We'll get through this.  Yes there will be fallout in a number of ways but things could be worse.  A lot worse.  I've seen a lot of positive things happening and I think this will honestly open some people's eyes to some stuff that has been swept under the rug for a while.  I don't want to say that we 'needed' this but it is a good wakeup call.  This won't be the last big virus to sweep the world.  Scientists have been saying stuff like this is a matter of if, not when, for years.  We're lucky this virus isn't more brutal.  We could have 200k+ dead, not just sick.

Count your blessings, keep your chin up.  That's all I'm saying.

micah

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Re: Covid-19 mental health check-in
« Reply #4 on: March 19, 2020, 11:47:11 AM »
I'm not super stressed, more annoyed with all the shut downs and anxious about the aftermath in the coming months (and years?)
My girlfriend, who already has anxiety about a ton of stuff, is really worried that I'm going to get sick and die because of my diabetes.  Like the other night she was awake like half the night worrying.
That said, I actually called my dr's office this morning and scheduled a phone visit with him for this afternoon because I've been having some (probably not coronavirus) symptoms the past few days that are a little worrisome even to me.
So now my anxiety is up quite a bit too.
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Jake

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Re: Covid-19 mental health check-in
« Reply #5 on: March 19, 2020, 11:59:54 AM »
Hey Jen, I feel for you - I'm thankful my kids are not toddlers any more at this time - it would be much harder...as I imagine it is for you.

Ben, good to hear that you're in a high spirits and generally optimistic - you can help the rest of us cope :p

Mike, a good view helps - my new work area and view below - those pictures are from a few days ago, because we have snow on the ground again today.

Micah, keep us posted. I hope that it is nothing serious.
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Jake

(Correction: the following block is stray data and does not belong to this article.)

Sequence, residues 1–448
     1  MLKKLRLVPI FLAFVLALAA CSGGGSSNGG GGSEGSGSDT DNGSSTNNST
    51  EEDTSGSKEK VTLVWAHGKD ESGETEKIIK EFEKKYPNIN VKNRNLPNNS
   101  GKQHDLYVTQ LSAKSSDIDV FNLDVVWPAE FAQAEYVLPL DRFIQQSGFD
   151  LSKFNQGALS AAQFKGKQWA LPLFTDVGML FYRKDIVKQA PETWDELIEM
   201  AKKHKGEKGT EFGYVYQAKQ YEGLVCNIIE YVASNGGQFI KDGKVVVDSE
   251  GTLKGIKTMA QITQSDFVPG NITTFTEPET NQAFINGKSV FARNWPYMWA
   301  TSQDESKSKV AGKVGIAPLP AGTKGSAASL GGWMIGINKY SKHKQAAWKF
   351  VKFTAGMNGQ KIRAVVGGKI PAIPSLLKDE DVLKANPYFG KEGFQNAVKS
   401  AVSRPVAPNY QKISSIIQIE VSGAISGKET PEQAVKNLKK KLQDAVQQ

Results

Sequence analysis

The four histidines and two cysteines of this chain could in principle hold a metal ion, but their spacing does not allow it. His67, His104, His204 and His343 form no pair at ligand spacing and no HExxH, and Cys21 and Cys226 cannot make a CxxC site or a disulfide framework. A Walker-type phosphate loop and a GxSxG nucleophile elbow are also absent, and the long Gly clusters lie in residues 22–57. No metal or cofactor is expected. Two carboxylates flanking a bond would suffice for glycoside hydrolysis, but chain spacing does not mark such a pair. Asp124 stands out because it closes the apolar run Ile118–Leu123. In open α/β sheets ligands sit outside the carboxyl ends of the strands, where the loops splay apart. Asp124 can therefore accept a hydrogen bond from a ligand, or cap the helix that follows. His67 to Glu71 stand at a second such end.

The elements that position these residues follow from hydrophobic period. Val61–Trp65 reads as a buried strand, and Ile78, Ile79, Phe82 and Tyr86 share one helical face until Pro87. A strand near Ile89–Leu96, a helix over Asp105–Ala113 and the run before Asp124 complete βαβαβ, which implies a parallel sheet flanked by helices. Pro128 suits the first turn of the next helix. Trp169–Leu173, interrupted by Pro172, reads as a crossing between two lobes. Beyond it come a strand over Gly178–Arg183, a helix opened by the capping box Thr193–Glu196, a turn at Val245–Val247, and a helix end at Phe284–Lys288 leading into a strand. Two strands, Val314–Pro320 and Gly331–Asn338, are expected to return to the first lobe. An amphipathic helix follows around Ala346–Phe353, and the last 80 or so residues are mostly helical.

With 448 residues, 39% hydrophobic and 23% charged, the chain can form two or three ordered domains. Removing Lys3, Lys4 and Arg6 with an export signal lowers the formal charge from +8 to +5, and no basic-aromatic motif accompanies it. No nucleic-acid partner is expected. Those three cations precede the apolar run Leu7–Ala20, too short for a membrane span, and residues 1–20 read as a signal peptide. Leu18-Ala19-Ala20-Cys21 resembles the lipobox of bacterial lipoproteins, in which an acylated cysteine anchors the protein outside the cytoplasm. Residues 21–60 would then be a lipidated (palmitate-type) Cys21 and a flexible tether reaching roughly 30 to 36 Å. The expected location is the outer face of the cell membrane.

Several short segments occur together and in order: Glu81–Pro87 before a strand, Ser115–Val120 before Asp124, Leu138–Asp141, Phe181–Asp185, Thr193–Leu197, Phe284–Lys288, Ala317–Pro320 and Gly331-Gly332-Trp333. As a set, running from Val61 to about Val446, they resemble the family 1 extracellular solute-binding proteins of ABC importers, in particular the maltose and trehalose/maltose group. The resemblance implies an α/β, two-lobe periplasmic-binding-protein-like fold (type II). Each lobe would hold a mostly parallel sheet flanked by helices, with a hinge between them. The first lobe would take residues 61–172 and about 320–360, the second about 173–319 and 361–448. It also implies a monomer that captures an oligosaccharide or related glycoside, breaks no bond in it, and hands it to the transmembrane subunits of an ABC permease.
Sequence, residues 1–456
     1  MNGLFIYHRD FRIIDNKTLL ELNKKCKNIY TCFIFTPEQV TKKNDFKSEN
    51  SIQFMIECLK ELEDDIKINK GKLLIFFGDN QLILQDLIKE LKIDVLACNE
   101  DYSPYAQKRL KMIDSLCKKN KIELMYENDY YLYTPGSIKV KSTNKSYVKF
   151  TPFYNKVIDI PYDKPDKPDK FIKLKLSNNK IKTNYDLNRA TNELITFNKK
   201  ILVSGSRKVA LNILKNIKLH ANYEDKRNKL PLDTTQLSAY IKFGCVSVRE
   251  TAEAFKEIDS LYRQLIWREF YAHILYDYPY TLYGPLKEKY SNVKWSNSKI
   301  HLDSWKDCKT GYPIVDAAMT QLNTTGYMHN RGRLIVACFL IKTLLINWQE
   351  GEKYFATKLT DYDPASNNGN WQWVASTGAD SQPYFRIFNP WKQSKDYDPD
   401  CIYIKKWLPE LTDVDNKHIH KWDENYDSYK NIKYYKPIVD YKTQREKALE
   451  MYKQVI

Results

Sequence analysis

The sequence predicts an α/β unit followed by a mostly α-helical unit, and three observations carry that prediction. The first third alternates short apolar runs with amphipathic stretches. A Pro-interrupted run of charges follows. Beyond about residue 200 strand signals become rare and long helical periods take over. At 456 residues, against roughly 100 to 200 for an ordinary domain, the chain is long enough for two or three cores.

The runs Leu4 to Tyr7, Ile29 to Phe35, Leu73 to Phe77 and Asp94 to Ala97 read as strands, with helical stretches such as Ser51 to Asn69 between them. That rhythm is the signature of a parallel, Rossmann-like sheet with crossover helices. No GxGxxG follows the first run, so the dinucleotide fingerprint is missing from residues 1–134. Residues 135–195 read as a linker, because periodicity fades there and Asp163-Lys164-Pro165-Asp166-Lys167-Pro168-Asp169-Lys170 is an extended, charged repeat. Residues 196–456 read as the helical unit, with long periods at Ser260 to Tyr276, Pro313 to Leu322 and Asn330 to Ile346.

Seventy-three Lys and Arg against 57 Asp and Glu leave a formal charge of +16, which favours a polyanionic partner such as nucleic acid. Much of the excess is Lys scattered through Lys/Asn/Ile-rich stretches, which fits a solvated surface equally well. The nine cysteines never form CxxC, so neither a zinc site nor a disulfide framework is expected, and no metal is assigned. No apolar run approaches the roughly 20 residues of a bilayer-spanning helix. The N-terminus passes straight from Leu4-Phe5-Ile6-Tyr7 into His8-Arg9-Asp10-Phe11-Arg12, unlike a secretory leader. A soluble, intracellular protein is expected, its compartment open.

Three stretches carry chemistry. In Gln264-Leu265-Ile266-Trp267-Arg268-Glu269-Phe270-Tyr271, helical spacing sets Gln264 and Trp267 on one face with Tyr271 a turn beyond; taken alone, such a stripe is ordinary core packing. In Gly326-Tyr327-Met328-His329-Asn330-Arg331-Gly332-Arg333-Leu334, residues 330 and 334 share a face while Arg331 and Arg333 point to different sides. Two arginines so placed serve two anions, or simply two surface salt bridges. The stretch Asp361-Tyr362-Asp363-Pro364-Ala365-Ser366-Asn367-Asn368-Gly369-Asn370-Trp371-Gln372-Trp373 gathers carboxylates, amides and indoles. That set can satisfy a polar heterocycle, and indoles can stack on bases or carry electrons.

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Re: Covid-19 mental health check-in
« Reply #6 on: March 19, 2020, 12:05:01 PM »
My anxiety is still relatively high - there is a feeling in the pit of my stomach that this situation will get much worse before it gets better. I actually made a run to Chicago yesterday to grab the rest of our supplies. My brain is telling me that I am over reacting, but my gut says other wise. So far my gut has been pretty spot on from the beginning of this thing - but there is conflict within me.

I hope that the news coming out of China is true. And I hope our run on this is similar and that within 4-6 weeks we will be back to normal.
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Jake

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Re: Covid-19 mental health check-in
« Reply #7 on: March 19, 2020, 12:10:23 PM »
one other thing that is not helping is that I keep thinking about my folks and grand parents in Poland - my parents are in their 60's and my grandfather is almost 100 - and the pessimist in me thinks that if something would happen, I would not be able to be there for them because of the travel ban.
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Mike

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Re: Covid-19 mental health check-in
« Reply #8 on: March 19, 2020, 03:59:12 PM »
Yesterday and today have been hard to focus on the really heavy thinking tasks.  My new work space has more distractions (some awesome like squirrels, cats, and birds and others not so much like leaf blowers) but really I just can't seem to focus.